Doing the Needful for the Long Haul of a Life of Devotion
I am sure that many philosophers or thinkers have said something to the effect that although looking at the past is good if we extract from it life lessons that inform our present, the past is not a good place to live or be stuck in. Our present is the intersection between the past and future. There is no question that our past—in this life and in previous lives—has a tremendous influence on who we think we are. However, if we want a good future, including changing our past conditioning which is unhelpful for our spiritual progress, it can only be created in the present, or moment by moment. Understanding those influences which don’t serve our goals is an important part of creating change. (This is the 1st part of a two part series.)
In my experience this can come about through honest introspection, psychological self-help or counseling, and through our spiritual practices--the ultimate healing! However, if we really understand (at least in principle) that we are eternal souls, the most important thing is to have a process for change which purifies our existence and awakens our real, spiritual nature. Being a balanced human being or we could say, being in goodness (sattva-guna), is helpful in our spiritual and material life. However, if we have balance, but no higher consciousness, there is little benefit spiritually. Why? The reason is because the soul is who we are eternally—we don’t have a soul, we are the soul. Ultimate benefit comes from being raised to spiritual awareness. Other benefits are lost with the demise of the body.
Our spiritual consciousness is reflected through our material mind and personality. Ideally our mind and nature can be favorable for our spiritual life. I have seen practically that most of the struggles in spiritual practitioners come from their conditioning in the shape of unhealthy mind sets, and conditioned ways of seeing and acting. Therefore, being a balanced human being in the service of our spirituality is a laudable goal, as long as we don’t consider it an end in itself. And frankly, it is doubtful anyone in this age can be completely balanced anyway! The point is to do what is favorable for our spiritual growth. That is far different then having a spiritual life only to augment our material desires or to think that being a “self actualized” person with no understanding of the self is valuable in and of itself.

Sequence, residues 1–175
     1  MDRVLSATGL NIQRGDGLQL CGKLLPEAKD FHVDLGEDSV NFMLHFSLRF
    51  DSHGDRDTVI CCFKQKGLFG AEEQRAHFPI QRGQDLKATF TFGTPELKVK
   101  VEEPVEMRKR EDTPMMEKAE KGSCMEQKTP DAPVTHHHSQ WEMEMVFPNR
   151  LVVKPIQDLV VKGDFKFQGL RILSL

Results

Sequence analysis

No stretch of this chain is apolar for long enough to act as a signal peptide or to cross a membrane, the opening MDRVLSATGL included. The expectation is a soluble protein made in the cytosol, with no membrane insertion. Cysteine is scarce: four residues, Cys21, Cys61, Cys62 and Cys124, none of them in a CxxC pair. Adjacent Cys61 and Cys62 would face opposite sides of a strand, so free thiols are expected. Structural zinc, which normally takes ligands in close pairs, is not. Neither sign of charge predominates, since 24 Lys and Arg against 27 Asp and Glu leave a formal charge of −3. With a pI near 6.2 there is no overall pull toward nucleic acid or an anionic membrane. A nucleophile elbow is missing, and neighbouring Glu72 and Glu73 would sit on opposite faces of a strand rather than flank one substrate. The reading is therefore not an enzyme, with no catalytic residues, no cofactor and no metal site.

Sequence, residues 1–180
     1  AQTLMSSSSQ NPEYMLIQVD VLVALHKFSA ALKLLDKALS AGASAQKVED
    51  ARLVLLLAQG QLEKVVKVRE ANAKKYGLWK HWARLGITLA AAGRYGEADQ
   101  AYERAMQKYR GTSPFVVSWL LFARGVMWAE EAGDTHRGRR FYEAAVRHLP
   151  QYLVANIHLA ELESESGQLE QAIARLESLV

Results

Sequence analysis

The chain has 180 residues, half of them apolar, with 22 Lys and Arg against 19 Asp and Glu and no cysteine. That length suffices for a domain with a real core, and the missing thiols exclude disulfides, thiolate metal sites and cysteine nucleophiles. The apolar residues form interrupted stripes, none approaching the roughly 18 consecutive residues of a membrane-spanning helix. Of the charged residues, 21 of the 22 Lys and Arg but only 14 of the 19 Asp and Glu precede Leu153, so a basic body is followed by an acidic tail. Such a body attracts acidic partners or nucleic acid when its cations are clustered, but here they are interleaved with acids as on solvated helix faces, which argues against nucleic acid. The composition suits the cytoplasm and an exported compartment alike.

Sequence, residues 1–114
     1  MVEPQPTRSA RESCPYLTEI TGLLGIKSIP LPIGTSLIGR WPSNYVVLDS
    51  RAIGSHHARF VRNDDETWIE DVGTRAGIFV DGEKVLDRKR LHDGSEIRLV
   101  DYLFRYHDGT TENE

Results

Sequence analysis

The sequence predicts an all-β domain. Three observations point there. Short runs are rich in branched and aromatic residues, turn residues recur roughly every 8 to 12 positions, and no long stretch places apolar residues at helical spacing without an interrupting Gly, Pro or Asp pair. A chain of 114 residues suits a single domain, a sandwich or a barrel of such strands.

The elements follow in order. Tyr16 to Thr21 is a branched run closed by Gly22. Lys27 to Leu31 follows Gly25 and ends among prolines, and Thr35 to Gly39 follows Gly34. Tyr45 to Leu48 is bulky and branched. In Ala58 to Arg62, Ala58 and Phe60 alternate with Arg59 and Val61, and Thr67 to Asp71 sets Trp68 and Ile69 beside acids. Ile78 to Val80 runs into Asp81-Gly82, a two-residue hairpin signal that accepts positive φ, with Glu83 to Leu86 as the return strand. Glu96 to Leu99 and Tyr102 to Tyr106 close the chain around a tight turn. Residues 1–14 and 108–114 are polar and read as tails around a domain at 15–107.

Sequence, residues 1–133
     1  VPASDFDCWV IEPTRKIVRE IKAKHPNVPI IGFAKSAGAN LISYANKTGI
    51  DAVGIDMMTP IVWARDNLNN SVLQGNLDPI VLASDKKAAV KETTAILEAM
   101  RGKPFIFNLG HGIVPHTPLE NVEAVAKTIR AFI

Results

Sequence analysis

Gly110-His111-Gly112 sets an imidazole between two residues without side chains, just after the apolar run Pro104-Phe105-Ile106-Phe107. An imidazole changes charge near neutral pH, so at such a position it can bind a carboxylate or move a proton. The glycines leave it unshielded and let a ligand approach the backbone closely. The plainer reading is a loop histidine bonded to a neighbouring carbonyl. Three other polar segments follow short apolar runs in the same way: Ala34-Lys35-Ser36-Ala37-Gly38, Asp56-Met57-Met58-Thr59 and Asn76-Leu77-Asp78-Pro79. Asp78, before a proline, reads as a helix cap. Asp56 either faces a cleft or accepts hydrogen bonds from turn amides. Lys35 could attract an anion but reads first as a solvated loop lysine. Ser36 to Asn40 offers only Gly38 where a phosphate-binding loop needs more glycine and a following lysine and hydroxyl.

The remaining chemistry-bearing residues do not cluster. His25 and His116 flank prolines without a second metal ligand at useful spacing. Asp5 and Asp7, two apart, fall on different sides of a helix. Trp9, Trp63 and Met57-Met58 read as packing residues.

Some devotees of Krishna would say we don’t require anything for our life other than our sadhana or spiritual life, and that any type of psychological counseling or using material methods shows a lack of faith in Krishna consciousness. I might have said the same thing in my early days as a devotee, so I understand this well meaning perspective. I can only share my experience and understanding of the application of Krishna conscious principles and ideals. If we chant Hare Krishna purely and have no severe mental, karmic baggage I would say that yes, all we need is our sadhana. However, we see devotees who come to Krishna with severe problems that need to be addressed beyond the scope of sadhana. Sometimes after years of practice they feel they have blocks to their spiritual growth, but are unaware of them.
Spiritual practice is the ultimate solution or healing, yet some devotees need additional help and support. Any method we find that uncovers our problematic ways of dealing with our self, others, or the world is welcome and can be seen as coming from Krishna. Krishna consciousness is very practical. Anything used in the service of Krishna becomes spiritualized and thus part of spiritual life. We have to evaluate any process by seeing the results.
Although having no engagement other than self realization is certainly a goal to be emphasized, I have seen much harm done by neglecting the care of our body and mind in the name of spiritual advancement. A big part of our spiritual progress comes from knowing the level of our spiritual interest/eligibility (and material dysfunction) and molding our life accordingly.
Thus we should be holistic and balanced in our approach to life with an emphasis on spiritual understanding. Since my wife is a professional counselor, and I have experienced the practical benefits that therapy can provide, I have my personal bias. Everyone does, and it can be helpful to understand this when hearing someone speak or reading what they write! In addition I have more confirmation by seeing how many individual devotees and couples have been helped through the introspection that speaking with a trained devotee therapist can provide. We also need trained lay therapists or temple leaders who can determine if someone requires professional help and/or revived sadhana or spiritual practices. Often in counseling devotees in distress my wife finds they are negligent in their spiritual practices. Taking refuge in Krishna provides us our shelter and will help us improve our life, whether we require professional counseling or not. Association with saints is very powerful for our spiritual growth.
The criterion of success is what works or helps us to be peaceful, fulfilled and more dedicated to sadhana and our service to our gurus, Krishna, the Vaishnava devotees, and people in general. This kind of success is a powerful personal testimony which is stronger then the beliefs or strong assertion of others about what “should” be. This is actually a big topic, yet I bring it forward as food for thought. It is based on my wife and my personal experience in dealing with devotees for many years. One point I am making is that we must do what works to support our life, long-term, with the intention of having everything work toward our spiritual progress. Our highest spiritual ideal is who we will some day become!